4. The Pink Motel by Carol Ryrie Brink
‘Nothing exciting ever happens to Kirby or Bitsy Mellen–that is, until their mother inherits a motel in Florida from her great-granduncle Hiram, complete with a roster of eccentric guests. New this winter are the Browns, obsessed with their suntans; Miss DeGree, obsessed with her poodles; and two mysterious men, obsessed, like Kirby, with trying to find Uncle Hiram’s rumored secret treasure.’

 

5. The Forest of Hours by Kerstin Ekman 9780701166144
‘Ekman’s central character is Skord, a magical being who is neither man nor animal. The novel begins in the Middle Ages when Skord finds himself in a forest with no memory, no past and no language. As he observes the behaviour of the human beings he meets in the forest, he begins to gradually to understand human civilisation and to learn their language. Although he can pose as one of them, however, he is also able to assume the form of animals and cause things to happen simply by willing them. Skord survives for five hundred years and lives many different lives but, despite his learning, he finds it difficult to resist the call of the forest and returns there periodically to rejoin the band of forest outlaws who live outside human society. He will live to see the nineteenth century and the age of steam, but, by then, he will have discovered that man’s supposed cultivation is in fact destructive and the most important thing in life is love – his love of a forest woman.’

 

6. Light by Torgny Lindgren
‘In medieval Sweden, a small community shares its meagre subsistence with its domestic livestock. When an imported rabbit introduces the plague the population is annihilated, all except a few villagers and the odd pig. By the author of Bathsheba and The Way of the Serpent.’

 

97814929805067. The Celestial Omnibus and Other Stories by E.M. Forster
The Celestial Omnibus is a collection of short-stories Forster wrote during the prewar years, most of which were symbolic fantasies or fables.’

 

8. Famine by Liam O’Flaherty
‘Set in the period of the Great Famine of the 1840s, Famine is the story of three generations of the Kilmartin family. It is a masterly historical novel, rich in language, character, and plot–a panoramic story of passion, tragedy, and resilience.’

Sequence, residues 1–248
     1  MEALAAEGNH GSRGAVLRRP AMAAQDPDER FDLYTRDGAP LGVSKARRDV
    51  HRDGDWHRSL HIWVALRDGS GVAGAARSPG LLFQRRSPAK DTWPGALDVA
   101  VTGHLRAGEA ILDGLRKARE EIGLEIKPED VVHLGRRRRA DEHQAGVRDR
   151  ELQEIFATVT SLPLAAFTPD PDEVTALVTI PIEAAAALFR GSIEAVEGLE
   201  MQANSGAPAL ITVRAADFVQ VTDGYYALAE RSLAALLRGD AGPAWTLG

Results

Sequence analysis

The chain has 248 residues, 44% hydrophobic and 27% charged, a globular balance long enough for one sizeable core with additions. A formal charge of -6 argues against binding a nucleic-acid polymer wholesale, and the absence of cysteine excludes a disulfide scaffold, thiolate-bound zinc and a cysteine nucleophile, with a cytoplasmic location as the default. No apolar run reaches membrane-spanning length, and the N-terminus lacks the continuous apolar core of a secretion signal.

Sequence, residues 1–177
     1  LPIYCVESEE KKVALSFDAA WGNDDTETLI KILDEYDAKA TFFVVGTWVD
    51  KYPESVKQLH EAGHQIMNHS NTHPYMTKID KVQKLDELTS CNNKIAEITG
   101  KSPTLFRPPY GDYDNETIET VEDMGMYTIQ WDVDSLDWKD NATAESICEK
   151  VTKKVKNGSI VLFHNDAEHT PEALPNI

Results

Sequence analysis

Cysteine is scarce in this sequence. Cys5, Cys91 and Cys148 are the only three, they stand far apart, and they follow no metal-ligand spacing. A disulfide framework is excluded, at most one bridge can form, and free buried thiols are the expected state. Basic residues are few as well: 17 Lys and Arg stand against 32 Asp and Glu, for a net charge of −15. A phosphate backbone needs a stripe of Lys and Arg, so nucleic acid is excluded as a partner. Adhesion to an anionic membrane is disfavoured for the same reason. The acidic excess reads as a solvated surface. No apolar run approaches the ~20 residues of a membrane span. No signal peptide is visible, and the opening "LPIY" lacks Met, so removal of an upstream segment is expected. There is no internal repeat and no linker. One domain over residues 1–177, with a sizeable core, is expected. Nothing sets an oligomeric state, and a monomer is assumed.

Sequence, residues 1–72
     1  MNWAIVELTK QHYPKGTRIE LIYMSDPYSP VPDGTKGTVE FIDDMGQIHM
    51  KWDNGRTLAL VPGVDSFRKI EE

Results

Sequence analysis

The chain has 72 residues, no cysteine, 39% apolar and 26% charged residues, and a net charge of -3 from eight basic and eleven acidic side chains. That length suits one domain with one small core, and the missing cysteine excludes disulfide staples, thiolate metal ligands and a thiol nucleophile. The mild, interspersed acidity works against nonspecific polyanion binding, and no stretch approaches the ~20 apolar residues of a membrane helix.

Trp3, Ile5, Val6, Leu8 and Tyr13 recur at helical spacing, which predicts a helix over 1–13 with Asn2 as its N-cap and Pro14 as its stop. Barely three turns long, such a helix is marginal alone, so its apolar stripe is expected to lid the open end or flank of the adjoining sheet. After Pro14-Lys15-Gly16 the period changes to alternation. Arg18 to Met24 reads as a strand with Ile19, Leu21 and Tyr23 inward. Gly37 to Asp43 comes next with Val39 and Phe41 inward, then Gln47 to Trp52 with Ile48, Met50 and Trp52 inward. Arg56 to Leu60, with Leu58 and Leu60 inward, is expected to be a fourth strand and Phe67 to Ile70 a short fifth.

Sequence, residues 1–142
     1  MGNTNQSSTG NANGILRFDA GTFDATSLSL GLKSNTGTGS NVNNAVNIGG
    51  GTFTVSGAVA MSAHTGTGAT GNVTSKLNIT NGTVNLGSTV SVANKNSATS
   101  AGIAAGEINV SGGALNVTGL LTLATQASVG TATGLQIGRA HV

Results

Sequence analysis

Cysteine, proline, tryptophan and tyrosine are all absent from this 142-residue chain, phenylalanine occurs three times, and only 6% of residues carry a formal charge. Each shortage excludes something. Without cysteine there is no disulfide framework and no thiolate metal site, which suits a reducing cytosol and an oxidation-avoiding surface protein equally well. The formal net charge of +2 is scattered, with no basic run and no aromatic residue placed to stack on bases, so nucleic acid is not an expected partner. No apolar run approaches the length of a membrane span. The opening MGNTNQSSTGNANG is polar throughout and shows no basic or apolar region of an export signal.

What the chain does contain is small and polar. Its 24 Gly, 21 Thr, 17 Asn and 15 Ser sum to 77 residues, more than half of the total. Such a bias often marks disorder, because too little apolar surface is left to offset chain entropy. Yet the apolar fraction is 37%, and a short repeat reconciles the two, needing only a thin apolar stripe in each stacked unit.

9. The Pilgrim Hawk by Glenway Westcott 9780940322561
‘This powerful short novel describes the events of a single afternoon. Alwyn Towers, an American expatriate and sometime novelist, is staying with a friend outside of Paris, when a well-heeled, itinerant Irish couple drops in—with Lucy, their trained hawk, a restless, sullen, disturbingly totemic presence. Lunch is prepared, drink flows. A masquerade, at once harrowing and farcical, begins. A work of classical elegance and concision, The Pilgrim Hawk stands with Faulkner’s The Bear as one of the finest American short novels: a beautifully crafted story that is also a poignant evocation of the implacable power of love. ‘

 

10. The Lore and Language of Schoolchildren by Iona Opie
‘First published in 1959, Iona and Peter Opie’s The Lore and Language of Schoolchildren is a pathbreaking work of scholarship that is also a splendid and enduring work of literature. Going outside the nursery, with its assortment of parent-approved entertainments, to observe and investigate the day-to-day creative intelligence and activities of children, the Opies bring to life the rites and rhymes, jokes and jeers, laws, games, and secret spells of what has been called “the greatest of savage tribes, and the only one which shows no signs of dying out.”‘

 

Purchase from The Book Depository

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2 thoughts on “Really Underrated Books (Part Two)

  1. Oh, I always loved ‘The Pink Motel’! I think as a child, even though my life was lovely, I always secretly hoped that my family would inherit some kind of rambling hotel + adventure!